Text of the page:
The CMA developed a five-day course particularly for those who may already have some experience in belt technology and splicing, but anyone wanting to learn belt splicing may do the course.
“It is a detailed course for splicers to bring them up to date with new developments in belt splicing and, in particular, to familiarise themselves with the most recent belt splicing standards,” says Curry.
These standards include SANS 484 Part 1 – Hot Multi-ply Splicing Procedures; SANS 484 Part 2 – Cold Multi-ply Splicing Procedures; SANS 485 – Splicing of Steel Cord Reinforced Conveyor Belting; and SANS 486 – Finger Splicing of Solid Woven Construction Conveyor Belting.
The course entails one day of theory, followed by four days of practical work in a fully oper- ating training venue with all the equipment needed by candidates to obtain hands-on experience. This includes tools, samples of the different types of conveyor belting, cutting tables, vulcanising presses and splicing compounds.
The course content covers splicing, lagging and lining; steel cord belt splicing; step splicing of fabric belts (hot and cold processes); pulley lagging and rubber lining; and vulcanising press set-up and operation.
Training techniques include a variety of approaches and learning methodologies including classroom instruction, small group discussion, question and answer sessions, multimedia presentations, hands-on application and exclusive training manuals.
Since this course covers a great deal of information in a relatively short time, the CMA also offers a five-day in-depth workshop (on request) for each speciality, such as steel cord, fabric or finger splicing.
Intensive Splicing Course
Run under the auspices of the CMA, a comprehensive belt splicing course, including both theory and practical, is also run over a period of five days.
It provides formal education of a measurable standard for splicers, which is recognised by industry and is seen as the only route to becoming a qualified splicer by aspirant splicers.
Conducted according to South African Bureau of Standards (SABS) specifications, splicing methods are standardised, which will, as a result, resolve many of the splicing problems in the industry. It is geared to qualified splicers and those splicers already working in the industry, as well as school leavers wanting to make splicing their career.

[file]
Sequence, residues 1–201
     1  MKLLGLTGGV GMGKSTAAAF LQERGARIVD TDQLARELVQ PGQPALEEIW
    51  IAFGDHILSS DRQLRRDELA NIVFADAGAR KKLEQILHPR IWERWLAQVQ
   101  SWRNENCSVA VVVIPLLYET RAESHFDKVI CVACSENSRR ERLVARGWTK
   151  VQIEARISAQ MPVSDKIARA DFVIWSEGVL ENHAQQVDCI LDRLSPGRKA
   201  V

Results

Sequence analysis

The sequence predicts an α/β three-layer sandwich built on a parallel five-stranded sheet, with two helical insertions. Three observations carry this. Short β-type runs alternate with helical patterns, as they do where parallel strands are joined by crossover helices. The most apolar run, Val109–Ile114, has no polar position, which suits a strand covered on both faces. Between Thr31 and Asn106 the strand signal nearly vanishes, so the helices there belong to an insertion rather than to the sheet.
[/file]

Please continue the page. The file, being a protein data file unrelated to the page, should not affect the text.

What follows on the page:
Curry maintains that this course sets the splicing standard throughout the mining industry and is turning out world-class belt splicers.
“It has been an intense couple of years, with major input and effort by our training committees and industry members to develop these four courses. “We are proud of the CMA’s effort to promote growth and development in the conveying industry and applaud industry members for their enthusiastic participation in the courses,” comments director and holder of the education portfolio on the CMA board Peter Ellis.
Meanwhile, Curry believes these training courses go a long way towards redressing the problems of inefficient conveyor operation, short belt life, downtime and accidents.
“The CMA will continue to be proactively engaged in raising the standard of professionalism and upgrading the knowledge and skills of personnel operating in the industry,” he states.
The CMA is Southern Africa’s primary source of up-to-date belt technology information, which is communicated to members and the conveying industry, in general, through regular technical meetings, joint forums with other interested bodies, symposia, conferences, lectures and short courses.
The biennial International Materials Handling Conference, or Beltcon, is a significant international platform for presenting new ideas and technology relevant to the conveying industry.